Mumbai: The financial performance for the quarter ended 30 September reported by Reliance Industries Ltd (RIL) announced on Saturday came in line with what the Street estimated - robust on a year-on-year (y-o-y) basis, but sequentially mute.
India’s largest company by market value reported a 15.8% y-o-y growth in net profit to Rs 5703 crore for the quarter ended 30 September. The oil-to-yarn and retail conglomerate’s net turnover for the same period stood at Rs 78569 crore, 36.6% higher than the year ago period.
On a sequential basis, however, the company’s results were muted, as analysts had estimated, with net profit rising 0.7%, and net turnover declining 3%.
Even the y-o-y increase in net profit was propped up to an extent by the company’s other income. Out of the Rs 780 crore y-o-y rise in RIL’s net profit, Rs 430 crore were contributed by a jump in the company’s other income.
A file photo of Mukesh Ambani, chairman, RIL
According to a note by SMS Global Securities Ltd, the rise in other income was a “positive surprise.” The company benefited from the “weakening rupee and treasury income from the ample cash balances on the balance sheet,” the SMC note said.
Whatever profitability squeeze the company faced on the operational front was compensated by other income, it added.
Commenting on the results, RIL chairman Mukesh Ambani said in a statement that the company’s financial performance in the first half of fiscal 2012 was “consistent.”
“The increase in profits was largely driven by improved performance in the refining and petrochemicals business,” Ambani said. “All our manufacturing facilities operated at record levels with refineries achieving operating rates of 110%.”
S.P. Tulsian, an independent stock market analyst stated that while the company’s oil and gas and petrochemical businesses did relatively well, its refining vertical and treasury operations were big disappointments.
The gross refining margin (GRM) – the difference between the cost of crude and the value of petroleum products sold – earned by RIL came in at $10.1 per barrel, below what most analysts had expected the company to report. Brokerages had expected RIL to report a GRM of at least $10.5 per barrel or above in their earnings preview reports.
Though RIL’s GRM was 21% higher year-on-year, it was 1.9% lower than in the June quarter.
“The GRM numbers reported are rather surprising. It is probably because of the product mix,” Tulsian said. A 11 October research report by ICICI Securities Ltd had estimated that the premium enjoyed by RIL’s refining margin to the benchmark Singapore GRM may decline. This was because the Singapore GRM was driven mainly by improving gasoline and fuel oil spreads and these two products formed a low proportion of RIL’s output.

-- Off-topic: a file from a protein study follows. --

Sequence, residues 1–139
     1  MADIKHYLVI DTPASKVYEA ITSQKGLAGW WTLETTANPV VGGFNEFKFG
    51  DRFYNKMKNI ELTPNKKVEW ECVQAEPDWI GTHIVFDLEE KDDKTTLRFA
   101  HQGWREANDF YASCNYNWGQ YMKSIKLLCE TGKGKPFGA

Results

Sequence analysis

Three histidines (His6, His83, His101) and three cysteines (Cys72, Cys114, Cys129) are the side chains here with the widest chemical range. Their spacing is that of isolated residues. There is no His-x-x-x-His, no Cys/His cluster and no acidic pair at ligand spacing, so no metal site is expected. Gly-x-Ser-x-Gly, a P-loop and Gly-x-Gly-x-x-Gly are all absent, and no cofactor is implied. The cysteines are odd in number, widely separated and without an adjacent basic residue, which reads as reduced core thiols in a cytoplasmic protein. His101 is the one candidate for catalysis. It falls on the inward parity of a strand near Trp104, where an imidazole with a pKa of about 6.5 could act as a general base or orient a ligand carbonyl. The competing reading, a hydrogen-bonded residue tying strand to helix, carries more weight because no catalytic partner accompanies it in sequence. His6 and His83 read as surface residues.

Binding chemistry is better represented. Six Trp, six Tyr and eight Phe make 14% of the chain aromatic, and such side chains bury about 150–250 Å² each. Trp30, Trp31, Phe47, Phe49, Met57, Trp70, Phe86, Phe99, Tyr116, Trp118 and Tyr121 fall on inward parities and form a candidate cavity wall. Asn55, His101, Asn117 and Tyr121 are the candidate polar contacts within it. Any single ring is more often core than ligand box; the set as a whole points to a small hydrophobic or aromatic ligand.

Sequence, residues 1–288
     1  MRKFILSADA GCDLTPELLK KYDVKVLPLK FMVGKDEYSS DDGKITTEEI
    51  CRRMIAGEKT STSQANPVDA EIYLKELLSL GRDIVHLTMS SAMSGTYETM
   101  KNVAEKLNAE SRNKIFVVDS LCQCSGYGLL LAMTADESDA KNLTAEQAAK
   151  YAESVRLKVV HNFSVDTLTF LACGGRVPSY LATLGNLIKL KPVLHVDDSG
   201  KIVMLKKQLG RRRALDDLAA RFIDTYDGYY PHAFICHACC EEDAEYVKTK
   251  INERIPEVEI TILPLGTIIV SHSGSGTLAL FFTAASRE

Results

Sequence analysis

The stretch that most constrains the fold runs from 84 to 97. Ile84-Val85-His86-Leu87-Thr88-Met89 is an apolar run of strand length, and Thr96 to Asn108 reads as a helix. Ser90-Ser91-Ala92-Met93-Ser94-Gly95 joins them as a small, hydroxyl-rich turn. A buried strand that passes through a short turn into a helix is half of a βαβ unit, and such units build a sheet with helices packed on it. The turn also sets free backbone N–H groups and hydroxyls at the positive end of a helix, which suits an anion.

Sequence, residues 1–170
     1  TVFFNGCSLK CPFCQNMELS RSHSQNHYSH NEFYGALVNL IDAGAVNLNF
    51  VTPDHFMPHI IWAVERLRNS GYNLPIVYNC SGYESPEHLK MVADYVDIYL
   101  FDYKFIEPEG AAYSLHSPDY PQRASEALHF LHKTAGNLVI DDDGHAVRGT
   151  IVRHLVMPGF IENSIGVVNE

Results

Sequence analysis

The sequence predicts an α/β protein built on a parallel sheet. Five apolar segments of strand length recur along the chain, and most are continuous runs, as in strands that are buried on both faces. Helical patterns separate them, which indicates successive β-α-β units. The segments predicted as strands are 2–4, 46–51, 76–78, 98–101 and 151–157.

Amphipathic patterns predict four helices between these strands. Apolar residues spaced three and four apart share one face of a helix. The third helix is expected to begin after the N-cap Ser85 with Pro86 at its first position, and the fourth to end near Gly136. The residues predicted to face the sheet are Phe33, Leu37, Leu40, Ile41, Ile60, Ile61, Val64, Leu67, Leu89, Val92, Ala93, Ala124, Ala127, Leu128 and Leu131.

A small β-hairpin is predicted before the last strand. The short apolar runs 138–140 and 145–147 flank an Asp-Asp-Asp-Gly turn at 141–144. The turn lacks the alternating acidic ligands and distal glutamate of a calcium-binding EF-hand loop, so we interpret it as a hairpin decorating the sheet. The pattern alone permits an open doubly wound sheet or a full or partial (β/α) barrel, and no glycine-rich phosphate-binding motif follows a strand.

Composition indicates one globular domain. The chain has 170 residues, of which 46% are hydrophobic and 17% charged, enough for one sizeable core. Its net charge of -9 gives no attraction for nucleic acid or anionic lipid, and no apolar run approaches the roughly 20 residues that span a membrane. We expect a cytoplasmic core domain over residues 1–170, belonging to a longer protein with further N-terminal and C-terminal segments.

RIL’s refining and marketing business saw its revenue for the quarter come down 7.5% q-o-q to Rs 68096 crore and earnings before interest and tax (ebit) from the business decline by 3.8% to Rs 3075 crore.
RIL’s September quarter result has also benefited from its deal with BP Plc to divest a 30% stake in its oil and gas assets to the latter.
Despite a 8.5% quarter-on-quarter (q-o-q) dip in the revenue from RIL’s oil and gas segment, the ebit from the business gained around 4%, and the margin improved 5.2% points.
According to Tulsian, the improvement in margin and ebit was a result of lower depreciation from the business arising from the company’s deal with BP Plc that led to lower depletion of oil and gas in RIL’s books.
Though revenues and ebit from the petrochemical business showed healthy y-o-y and q-o-q growth, the operating profit margin declined to 11.5% from 12.1% in the June quarter.
Tulsian stated that as long as RIL was able to sustain revenue from the petrochemical business at the level witnessed in the September quarter, a further 20-30 basis points dip in margin would not be a cause of concern. RIL earned a revenue of Rs 21,066 crore from the petrochemicals segment in the July-September quarter.
“Overall demand for polymer products remained flat due to lower demand in some of the key end products and uncertainty around global economic conditions,” RIL said in a statement.
Tulsian also raised a concern about the fiscal prudence of RIL increasing its debt and interest burden every quarter despite increasing cash and bank balances.
He pointed out that at the end of June RIL had cash and cash equivalents of around Rs 45000 crore, which increased to around Rs 61000 crore at the end of September. On the other hand, between March and September, its outstanding debt increased by Rs 4002 crore to Rs 71399 crore.
“Why would the company want to borrow more when its cash in hand is increasing, even if the debt is available at throwaway prices?” Tulsian asks.